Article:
I will admit that there may be times when barking is appropriate. When I took my physical exam way back in the day to enter the Marines, I had a hearing problem in my left ear. After consulting a guidebook and a short conference, doctors decided I was good to go. After all, hearing what the drill Instructors had to say shouldn’t be a problem. They tend to yell a lot at boot camp.

Not many human beings that I know actually have a tale they can wag. However, most people do have a mouth and can easily shape it into a smile. Let that be your wag. Instead of getting loud and crazy about the vicissitudes of life, smile. And, as a wise man once said, “If you see someone without a smile, then give them one of yours.” And who in their right mind is going to argue with Mother Teresa who said, “Let us always meet each other with a smile, for the smile is the beginning of love.”

Instead of barking, another option is laughter. Hand me that Bible one more time, please and thank you. This time the book of Proverbs tells us, “A cheerful heart is good medicine.” So don’t be afraid to share a good joke with your friends. And even if you end up being the only one laughing at your joke, you’ve still made at least one person happy.

Okay, we’ve been talking about wagging our tail and being kind to all the folks we share the path with. Now we need to talk about being kind to the person looking back at us when we peer into the mirror. I like what fashion designer Diane Von Furstenberg had to say on the subject, “You’re always with yourself, so you might as well enjoy the company.”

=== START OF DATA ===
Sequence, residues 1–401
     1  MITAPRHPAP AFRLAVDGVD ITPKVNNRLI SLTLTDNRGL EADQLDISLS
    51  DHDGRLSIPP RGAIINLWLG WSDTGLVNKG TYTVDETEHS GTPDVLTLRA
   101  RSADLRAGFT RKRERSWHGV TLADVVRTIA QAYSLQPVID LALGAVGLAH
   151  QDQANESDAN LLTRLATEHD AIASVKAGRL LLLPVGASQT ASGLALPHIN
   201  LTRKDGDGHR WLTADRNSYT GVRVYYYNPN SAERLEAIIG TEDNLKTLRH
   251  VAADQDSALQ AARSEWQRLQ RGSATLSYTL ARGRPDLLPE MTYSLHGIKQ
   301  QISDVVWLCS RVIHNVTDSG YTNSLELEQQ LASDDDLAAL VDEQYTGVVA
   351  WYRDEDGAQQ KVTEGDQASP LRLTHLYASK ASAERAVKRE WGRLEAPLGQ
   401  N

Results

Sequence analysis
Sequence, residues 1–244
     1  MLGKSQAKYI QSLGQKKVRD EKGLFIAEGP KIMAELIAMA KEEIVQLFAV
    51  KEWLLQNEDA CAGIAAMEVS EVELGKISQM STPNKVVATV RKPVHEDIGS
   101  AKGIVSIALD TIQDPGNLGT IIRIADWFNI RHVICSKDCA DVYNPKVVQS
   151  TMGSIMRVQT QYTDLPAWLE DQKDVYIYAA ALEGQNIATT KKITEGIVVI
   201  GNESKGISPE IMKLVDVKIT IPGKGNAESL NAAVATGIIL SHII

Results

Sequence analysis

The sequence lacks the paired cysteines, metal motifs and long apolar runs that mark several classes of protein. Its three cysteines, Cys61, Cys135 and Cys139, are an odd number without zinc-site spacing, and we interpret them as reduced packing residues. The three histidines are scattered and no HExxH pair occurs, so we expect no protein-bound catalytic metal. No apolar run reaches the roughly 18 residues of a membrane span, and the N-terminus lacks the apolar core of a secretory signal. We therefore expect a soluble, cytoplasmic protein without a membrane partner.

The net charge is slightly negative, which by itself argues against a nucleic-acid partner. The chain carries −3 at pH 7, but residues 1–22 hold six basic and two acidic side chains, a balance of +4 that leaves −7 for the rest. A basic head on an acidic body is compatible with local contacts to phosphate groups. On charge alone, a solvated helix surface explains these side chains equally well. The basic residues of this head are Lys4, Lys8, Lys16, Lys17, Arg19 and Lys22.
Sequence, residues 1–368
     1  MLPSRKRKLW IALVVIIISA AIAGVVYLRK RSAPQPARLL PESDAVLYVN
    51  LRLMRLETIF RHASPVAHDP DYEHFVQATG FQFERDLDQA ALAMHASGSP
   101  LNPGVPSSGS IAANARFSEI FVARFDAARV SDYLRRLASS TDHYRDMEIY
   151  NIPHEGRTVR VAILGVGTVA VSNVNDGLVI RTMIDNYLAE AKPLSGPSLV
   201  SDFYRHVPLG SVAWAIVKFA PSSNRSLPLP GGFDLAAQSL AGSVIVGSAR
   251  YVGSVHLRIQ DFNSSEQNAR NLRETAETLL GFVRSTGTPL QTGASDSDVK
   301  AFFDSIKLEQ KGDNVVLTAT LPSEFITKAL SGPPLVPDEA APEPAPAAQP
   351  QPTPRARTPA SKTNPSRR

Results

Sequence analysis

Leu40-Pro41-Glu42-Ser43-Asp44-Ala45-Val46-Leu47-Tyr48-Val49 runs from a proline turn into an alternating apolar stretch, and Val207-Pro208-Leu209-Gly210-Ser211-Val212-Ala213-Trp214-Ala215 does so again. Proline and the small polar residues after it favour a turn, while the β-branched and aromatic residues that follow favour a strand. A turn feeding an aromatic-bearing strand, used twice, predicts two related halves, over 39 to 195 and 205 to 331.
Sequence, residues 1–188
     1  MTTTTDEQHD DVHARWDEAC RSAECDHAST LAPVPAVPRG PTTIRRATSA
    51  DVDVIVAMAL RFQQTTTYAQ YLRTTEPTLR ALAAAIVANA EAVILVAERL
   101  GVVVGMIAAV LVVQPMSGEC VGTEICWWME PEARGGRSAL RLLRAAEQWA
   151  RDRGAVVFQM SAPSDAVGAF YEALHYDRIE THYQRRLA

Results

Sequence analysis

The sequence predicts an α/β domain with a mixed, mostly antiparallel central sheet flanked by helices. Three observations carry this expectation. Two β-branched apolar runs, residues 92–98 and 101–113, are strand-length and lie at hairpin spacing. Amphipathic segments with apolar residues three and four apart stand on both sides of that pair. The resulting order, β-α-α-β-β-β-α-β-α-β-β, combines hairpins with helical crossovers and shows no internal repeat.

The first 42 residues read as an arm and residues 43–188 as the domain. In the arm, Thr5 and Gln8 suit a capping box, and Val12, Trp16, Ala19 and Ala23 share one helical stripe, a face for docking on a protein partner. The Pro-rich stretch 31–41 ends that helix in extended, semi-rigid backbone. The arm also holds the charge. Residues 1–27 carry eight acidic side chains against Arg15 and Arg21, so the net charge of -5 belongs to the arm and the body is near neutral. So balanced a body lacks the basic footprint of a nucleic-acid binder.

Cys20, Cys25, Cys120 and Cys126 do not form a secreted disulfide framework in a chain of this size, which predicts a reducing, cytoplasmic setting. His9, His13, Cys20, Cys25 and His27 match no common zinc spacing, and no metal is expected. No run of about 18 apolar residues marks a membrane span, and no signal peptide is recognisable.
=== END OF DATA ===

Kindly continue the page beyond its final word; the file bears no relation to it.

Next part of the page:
Be kind to yourself. Bark less at your mistakes today and wag your way to a better day tomorrow.


“The only thing that you absolutely have to know is the location of the library.”

Albert Einstein, theoretical physicist


Let me give you a short tour inside my wallet.  Here we have my driver’s license, insurance cards, family photos, a dollar or two and one of my most prize possessions – a library card.  So, If you ring my doorbell and no one answers, you may want to start your search for me at The Fairfield County District Library 219 North Broad Street Lancaster, Ohio. I’m there nearly every day of the week. And, unless I drop the ball and return a book late, this magic carpet ride is free.

Motivational author and speaker Les Brown offered this advice for those seeking higher enlightenment, “If you’re the smartest person in the room then you need to find another room.”

Thanks for the advice, Les. I found a room where there are several people a lot smarter than I am.

These people call themselves librarians. And just what is a librarian?  I like this definition by author Matt Haig. He said, “Librarians are just like search engines, except they smile and they talk to me and they don’t give me paid – for advertising when they are trying to help. And they have actual hearts.”

I am well aware that hundreds of knowledge seekers like myself travel up and down the same stairwells of the library I visit. And even though the walls are decorated for everyone to see, there is one piece of information posted on the wall that I feel was put there JUST FOR ME. Midway down two flights of stairs from the main lobby to the reference room, someone was kind enough to decorate the wall with this quote from author C.S. Lewis, “You are never too old to set another goal, or to dream a new dream.”

It’s a pretty safe bet that at age sixty-eight I have more years behind me than I do ahead of me. So what. Nothing I can do about the clock or the calendar. But I still know who I am and where I am. And I’m certain there are enough brain cells under my hat and inside my head to keep on learning, exploring, and enjoying this whacked out world we live in.